Baital, Indian Vampire


The term Baital came from an older word “Vetala”.  Baital is an incarceration of evil, it has the ability to reanimate dead people or possess them.  It stands at approximately 4-5 ft tall, wherein half of its part is a human and the other half is a bat beast. Similar to Asasabonsam and Sasabonsam of the African culture, Baital hangs upside down but not on random trees.  Baital can often be spotted on Mimosa trees.  According to the Indian folktale “King Vikram and the  Vampire” the exact description of Baital is as follows:
 “Its eyes, which were wide open, were of a greenishbrown, and never twinkled; its hair also was brown [a color associated with low-caste men, witches and fiends], and brown was its face—three several shades which, notwithstanding, approached one another in an unpleasant way, as in an over-dried coconut. Its body was thin and ribbed like a skeleton or a bamboo framework, and as it held onto a bough, like a flying fox, by the toe-tips, its drawn muscles stood out as if they were ropes of coir. Blood it appeared to have none, or there would have been a decided determination of that curious juice to the head; and as the Raja handled its skin, it felt icy cold and clammy as might a snake. The only sign of life was the whisking of a ragged little tail much resembling a goat’s.”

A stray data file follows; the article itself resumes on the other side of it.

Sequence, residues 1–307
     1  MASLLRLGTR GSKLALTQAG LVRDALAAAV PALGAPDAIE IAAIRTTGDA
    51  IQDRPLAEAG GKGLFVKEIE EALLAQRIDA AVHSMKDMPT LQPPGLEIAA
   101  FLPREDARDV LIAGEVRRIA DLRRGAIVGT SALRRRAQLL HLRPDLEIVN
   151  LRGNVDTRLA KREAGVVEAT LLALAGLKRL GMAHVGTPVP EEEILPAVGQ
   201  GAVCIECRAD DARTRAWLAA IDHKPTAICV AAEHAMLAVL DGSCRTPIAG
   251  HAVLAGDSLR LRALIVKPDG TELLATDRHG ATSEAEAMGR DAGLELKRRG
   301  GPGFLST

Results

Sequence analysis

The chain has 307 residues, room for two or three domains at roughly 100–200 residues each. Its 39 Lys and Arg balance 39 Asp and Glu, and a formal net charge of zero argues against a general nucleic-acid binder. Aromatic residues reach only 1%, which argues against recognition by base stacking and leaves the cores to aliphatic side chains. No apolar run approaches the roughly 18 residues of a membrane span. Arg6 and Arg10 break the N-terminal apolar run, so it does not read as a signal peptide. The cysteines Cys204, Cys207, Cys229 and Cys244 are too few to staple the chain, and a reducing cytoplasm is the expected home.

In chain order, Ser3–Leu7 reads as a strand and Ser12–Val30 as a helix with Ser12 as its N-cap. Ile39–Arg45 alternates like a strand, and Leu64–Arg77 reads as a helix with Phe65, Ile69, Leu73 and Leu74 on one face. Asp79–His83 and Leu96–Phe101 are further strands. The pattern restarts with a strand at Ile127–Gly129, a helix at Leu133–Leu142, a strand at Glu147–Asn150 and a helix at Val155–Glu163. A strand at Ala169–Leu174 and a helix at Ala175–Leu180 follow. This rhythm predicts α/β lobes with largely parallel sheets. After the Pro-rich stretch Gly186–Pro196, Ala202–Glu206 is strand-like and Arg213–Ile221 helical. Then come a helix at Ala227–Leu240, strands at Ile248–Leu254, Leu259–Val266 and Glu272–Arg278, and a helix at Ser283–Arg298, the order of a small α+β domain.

There are numerous literary works associated with the Baital, one of the very first is entitled “25 Tales of Baital” which is written in Sanskrit.  During the 11th Century Somadeva also wrote Oceans of the Streams of Story” but unfortunately the original work was lost.  Literary works concerning the Baital also spread to the Hindi language and eventually translating them into English.


The skin of the Baital is so dense and impenetrable; some compared it to an iron skin which makes it impossible for a normal weapon to penetrate to his body.  He is also described as smart and tricky.

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